The FCO does not bar employers from asking about an individual’s “Unresolved Arrest or “Conviction History.” However, with respect to both applicants and employees, employers can never inquire about or consider the following: “(1) An Arrest not leading to a Conviction, excepting under circumstances identified in this Section as an Unresolved Arrest;4 (2) Participation in or completion of a diversion or a deferral of judgment program; (3) A Conviction that has been judicially dismissed, expunged, voided, invalidated, or otherwise rendered inoperative, by way of example but not limitation, under California Penal Code sections 1203.4, 1203.4a, or 1203.41; (4) A Conviction or any other determination or adjudication in the juvenile justice system, or information regarding a matter considered in or processed through the juvenile justice system; or (5) A Conviction that is more than seven years old, the date of Conviction being the date of sentencing; or (6) Information pertaining to an offense other than a felony or misdemeanor, such as an infraction.”
The FAQ adds to this list of “Off Limits” information by including unresolved arrests that are older than seven years. With respect to convictions, the FAQ reiterates that the seven years is counted from the date of sentencing. Thus, “if the date of sentencing was more than seven years ago, information about this conviction is OFF LIMITS, regardless of when the person finished serving the sentence.” The troubling upshot here is that an applicant may be fresh out of jail at the time of application, but the employer will only know this by carefully reviewing the “gaps” in the applicant’s employment history.
When Can Employers Request Criminal History Information or Order a Background Check Report? (Section 4904)
Employment applications cannot ask for the fact or details of any “Conviction History,”5 “Unresolved Arrest,” or any matter otherwise off-limits under Article 49. However, the term “inquiry” is broadly defined as “any direct or indirect conduct intended to gather information from or about an applicant, candidate, potential applicant or candidate, or employee, using any mode of communication, including but not limited to application forms, interviews, and Background Check Reports.” Pursuant to Section 4916, regulated employers “may inquire about criminal convictions outside of the time periods set forth in this Article where required by federal or state law or a government agency implementing federal or state law.”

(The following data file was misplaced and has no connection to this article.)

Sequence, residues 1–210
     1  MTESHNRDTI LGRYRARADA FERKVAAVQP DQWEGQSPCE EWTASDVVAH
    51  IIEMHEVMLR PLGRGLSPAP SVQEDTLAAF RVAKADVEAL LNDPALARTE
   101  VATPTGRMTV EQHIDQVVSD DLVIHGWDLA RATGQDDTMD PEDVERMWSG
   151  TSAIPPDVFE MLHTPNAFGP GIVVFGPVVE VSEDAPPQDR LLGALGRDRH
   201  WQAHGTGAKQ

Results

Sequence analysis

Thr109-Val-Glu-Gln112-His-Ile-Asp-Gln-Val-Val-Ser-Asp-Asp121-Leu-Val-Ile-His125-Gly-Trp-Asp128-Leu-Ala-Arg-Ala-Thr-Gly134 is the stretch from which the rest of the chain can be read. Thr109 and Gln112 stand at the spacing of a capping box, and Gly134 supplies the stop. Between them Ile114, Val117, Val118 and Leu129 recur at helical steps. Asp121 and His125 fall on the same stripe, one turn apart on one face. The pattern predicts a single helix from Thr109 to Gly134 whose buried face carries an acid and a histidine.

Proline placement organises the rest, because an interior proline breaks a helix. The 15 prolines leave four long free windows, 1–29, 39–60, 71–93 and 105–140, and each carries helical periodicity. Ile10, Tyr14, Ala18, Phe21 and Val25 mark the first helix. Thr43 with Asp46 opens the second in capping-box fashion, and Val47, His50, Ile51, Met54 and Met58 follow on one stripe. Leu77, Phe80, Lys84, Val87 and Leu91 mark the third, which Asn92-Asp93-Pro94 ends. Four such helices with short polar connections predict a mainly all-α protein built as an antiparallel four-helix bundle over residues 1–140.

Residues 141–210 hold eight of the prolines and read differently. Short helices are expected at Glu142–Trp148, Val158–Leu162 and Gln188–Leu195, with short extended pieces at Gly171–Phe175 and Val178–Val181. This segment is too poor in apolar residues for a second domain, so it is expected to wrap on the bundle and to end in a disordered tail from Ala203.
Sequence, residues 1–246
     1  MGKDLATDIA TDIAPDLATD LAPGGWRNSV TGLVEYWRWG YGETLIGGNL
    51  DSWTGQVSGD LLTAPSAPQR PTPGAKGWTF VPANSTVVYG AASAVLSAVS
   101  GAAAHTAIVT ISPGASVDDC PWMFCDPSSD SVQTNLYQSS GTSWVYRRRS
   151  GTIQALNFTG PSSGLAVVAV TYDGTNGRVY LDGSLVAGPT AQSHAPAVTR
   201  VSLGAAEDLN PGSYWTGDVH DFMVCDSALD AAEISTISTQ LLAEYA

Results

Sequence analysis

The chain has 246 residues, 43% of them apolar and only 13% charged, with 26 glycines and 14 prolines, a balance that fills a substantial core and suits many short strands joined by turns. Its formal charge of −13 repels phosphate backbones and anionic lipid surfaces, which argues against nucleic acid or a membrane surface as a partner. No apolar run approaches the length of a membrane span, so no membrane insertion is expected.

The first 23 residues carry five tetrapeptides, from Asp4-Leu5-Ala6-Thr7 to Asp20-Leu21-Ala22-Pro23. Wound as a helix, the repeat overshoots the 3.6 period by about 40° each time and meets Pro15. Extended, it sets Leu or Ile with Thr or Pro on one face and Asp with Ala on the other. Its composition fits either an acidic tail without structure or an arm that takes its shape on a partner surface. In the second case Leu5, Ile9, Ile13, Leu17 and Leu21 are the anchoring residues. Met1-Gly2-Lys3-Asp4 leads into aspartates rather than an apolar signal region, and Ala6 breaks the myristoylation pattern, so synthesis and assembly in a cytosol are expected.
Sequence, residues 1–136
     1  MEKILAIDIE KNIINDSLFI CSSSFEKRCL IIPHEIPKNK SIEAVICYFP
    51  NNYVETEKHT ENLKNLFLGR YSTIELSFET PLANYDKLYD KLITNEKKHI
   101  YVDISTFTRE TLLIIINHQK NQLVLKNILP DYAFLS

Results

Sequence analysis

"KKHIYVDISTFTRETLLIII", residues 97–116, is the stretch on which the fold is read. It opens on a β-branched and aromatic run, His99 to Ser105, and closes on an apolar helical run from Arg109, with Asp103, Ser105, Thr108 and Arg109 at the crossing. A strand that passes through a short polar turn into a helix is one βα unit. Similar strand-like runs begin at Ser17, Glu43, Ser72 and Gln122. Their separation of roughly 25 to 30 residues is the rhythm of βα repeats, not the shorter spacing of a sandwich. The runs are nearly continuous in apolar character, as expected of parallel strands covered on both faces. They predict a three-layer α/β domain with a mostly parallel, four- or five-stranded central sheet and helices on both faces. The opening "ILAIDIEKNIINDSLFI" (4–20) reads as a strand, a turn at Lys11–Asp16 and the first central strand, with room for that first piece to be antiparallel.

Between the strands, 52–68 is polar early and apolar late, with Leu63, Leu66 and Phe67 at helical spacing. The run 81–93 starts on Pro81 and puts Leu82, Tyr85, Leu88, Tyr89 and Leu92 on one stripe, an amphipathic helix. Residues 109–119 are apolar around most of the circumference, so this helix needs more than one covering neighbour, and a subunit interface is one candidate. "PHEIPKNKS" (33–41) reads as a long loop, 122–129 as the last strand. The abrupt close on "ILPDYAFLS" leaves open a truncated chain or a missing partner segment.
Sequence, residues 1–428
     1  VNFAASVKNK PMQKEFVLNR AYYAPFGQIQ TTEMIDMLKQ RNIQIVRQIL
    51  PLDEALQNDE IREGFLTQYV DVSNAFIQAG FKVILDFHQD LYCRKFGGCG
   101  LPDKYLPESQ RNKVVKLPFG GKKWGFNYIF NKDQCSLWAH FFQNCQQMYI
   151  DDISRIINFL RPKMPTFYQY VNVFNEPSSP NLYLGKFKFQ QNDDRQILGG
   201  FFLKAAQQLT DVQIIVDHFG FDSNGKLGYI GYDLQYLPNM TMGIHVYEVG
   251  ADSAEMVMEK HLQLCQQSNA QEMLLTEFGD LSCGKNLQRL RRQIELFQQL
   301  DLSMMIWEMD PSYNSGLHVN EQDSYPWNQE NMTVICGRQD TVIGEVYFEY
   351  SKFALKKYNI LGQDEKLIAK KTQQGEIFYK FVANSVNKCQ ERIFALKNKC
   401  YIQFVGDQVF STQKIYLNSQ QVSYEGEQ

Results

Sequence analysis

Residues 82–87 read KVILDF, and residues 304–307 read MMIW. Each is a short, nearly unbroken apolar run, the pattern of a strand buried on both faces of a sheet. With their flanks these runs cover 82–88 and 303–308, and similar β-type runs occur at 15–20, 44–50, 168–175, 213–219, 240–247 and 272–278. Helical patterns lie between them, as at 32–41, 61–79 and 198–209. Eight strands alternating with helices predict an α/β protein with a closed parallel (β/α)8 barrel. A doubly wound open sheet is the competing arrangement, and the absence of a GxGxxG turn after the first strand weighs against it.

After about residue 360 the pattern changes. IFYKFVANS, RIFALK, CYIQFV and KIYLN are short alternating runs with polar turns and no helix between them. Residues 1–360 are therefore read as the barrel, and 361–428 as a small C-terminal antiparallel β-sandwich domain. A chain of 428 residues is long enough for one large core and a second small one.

The FAQ addresses a common question for nationwide employers that use a single job application form. Specifically, “[c]an the form include a question about an applicant’s arrest and conviction record, with a disclaimer that if the applicant is applying for a position in San Francisco, he/she should skip that question?” The OLSE takes the position in the FAQ that the question should be omitted from the form because otherwise, “the employer runs the risk that an applicant will inadvertently provide arrest and conviction information” and also that “the employer will improperly consider such information.” If the employer does not wish to remove the question, the FAQ advises that “it would be preferable to use a separate job application form for San Francisco positions to ensure compliance with the FCO.” Another option is for the employer to “disable the answer field for any such question in electronic applications.”
Regardless, if the employer still chooses to use a single application form, the FAQ advises the employer to “include a clear and conspicuous disclaimer next to the question instructing applicants for San Francisco positions not to answer that question.”
The FCO bars employers from asking about an applicant’s conviction history or unresolved arrests until after the employer has either (1) conducted a live interview with the applicant (via phone, videoconferencing, other technology or in person) or (2) made a conditional offer of employment to the applicant. The same holds true for criminal background checks – they are permissible following a live interview or after a conditional offer.
Moreover, no criminal history inquiry or background check of any kind can be made without first providing the individual with the OLSE notice. The FAQ recommends that this notice be provided “at the start of the hiring process.” No background check report may be obtained without first complying with the employment-related provisions of both the federal Fair Credit Reporting Act (FCRA) and its California equivalent.
What are the Requirements for Assessing Criminal History Information? (Section 4904)